• To understand basics of quality improvement application to hypertension control

Module 2: Accurate BP Measurement
Objectives

  • To understand importance of accurate BP measurement
  • To learn how to assess BP measurement competency
  • To become familiar with assessment tools including repeat BP and spot audits
  • To become familiar with how to check if a BP monitor is validated

Module 3: Medication Titration
Objectives

  • To understand the importance of using standardized treatment protocols for control of HTN
  • To understand how to measure treatment intensification
  • To become familiar with task shifting strategies to improve BP control
  • To become familiar with guideline-based recommendations to initiate medication within 2-4 weeks of hypertension diagnosis

Module 4: Follow-Up Blood Pressure Check
Objectives

  • To understand the importance of prompt follow-up of elevated blood pressures
  • To learn strategies for improving follow-up, including uncoupling of BP measurement from a physician visit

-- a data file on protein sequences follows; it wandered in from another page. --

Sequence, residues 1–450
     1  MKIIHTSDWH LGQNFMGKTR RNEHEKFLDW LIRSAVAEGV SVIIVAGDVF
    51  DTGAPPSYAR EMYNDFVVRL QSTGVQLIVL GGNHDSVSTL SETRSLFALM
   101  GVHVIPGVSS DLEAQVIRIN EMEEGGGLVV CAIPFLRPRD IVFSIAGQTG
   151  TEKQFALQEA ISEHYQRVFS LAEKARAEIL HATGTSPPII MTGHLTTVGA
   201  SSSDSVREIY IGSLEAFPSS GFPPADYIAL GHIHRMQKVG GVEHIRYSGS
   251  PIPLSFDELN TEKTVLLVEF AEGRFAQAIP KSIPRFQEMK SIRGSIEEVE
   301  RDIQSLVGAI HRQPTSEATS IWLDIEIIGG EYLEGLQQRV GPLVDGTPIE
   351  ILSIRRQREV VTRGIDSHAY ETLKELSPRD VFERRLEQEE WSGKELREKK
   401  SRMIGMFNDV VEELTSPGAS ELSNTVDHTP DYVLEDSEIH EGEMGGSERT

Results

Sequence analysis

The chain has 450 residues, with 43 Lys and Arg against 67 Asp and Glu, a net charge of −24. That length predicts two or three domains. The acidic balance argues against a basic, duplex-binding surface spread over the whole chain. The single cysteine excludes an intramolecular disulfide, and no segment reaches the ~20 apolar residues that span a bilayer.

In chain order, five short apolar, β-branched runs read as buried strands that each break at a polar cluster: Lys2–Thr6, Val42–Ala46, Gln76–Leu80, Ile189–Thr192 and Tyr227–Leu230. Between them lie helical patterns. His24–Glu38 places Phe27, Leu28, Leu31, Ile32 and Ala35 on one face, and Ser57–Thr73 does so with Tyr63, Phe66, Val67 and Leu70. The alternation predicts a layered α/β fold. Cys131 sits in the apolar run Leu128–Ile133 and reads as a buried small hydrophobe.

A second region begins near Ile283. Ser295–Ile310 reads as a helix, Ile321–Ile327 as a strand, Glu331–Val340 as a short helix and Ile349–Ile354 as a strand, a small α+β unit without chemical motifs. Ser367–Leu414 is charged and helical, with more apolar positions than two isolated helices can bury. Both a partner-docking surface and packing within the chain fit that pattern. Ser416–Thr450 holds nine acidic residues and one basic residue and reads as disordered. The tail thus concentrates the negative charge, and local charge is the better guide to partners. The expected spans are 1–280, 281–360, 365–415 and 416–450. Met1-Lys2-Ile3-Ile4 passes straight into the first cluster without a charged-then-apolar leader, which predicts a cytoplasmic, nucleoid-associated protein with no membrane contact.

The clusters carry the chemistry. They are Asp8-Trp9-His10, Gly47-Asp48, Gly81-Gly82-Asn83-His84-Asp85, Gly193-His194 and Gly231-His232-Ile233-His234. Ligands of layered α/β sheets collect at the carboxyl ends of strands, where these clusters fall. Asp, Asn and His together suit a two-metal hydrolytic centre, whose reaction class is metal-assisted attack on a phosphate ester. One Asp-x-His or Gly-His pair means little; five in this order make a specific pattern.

• To familiarize yourself with measurement of elevated BP follow-up

Module 5: Utilization of Scorecards for Quality Improvement
Objectives

  • To familiarize yourself with the major process measures in the new HEARTS scorecard
  • To better understand how to use the scorecard as a quality improvement tool in improving BP control

Module 6: Community Outreach
Objectives

  • To understand the importance of screening all patients for hypertension upon clinic entry
  • To review the diagnosis of hypertension using standard criteria
  • To search for undiagnosed hypertensive patients already seen in clinic
  • To familiarize yourself with recommended outreach to inactive hypertensive patients

Module 7: Home Blood Pressure Monitoring
Objectives

  • To understand the importance of home BP monitoring in the diagnosis and management of hypertensive patients
  • To familiarize yourself with the key steps in creating a home BP monitoring program
  • To understand how to incorporate home BP readings into hypertension management

Special module: COVID-19, Hypertension Control and Cardiovascular Disease
Objectives

  • To emphasize the importance of implementing proven strategies to control hypertension as a key role to minimize the risk of complication in patients with COVID-19
  • To understand the inter-relationship between the acute COVID-19 and Chronic Non-communicable Disease (NCD) pandemics
  • To review local data on COVID-19 and hypertension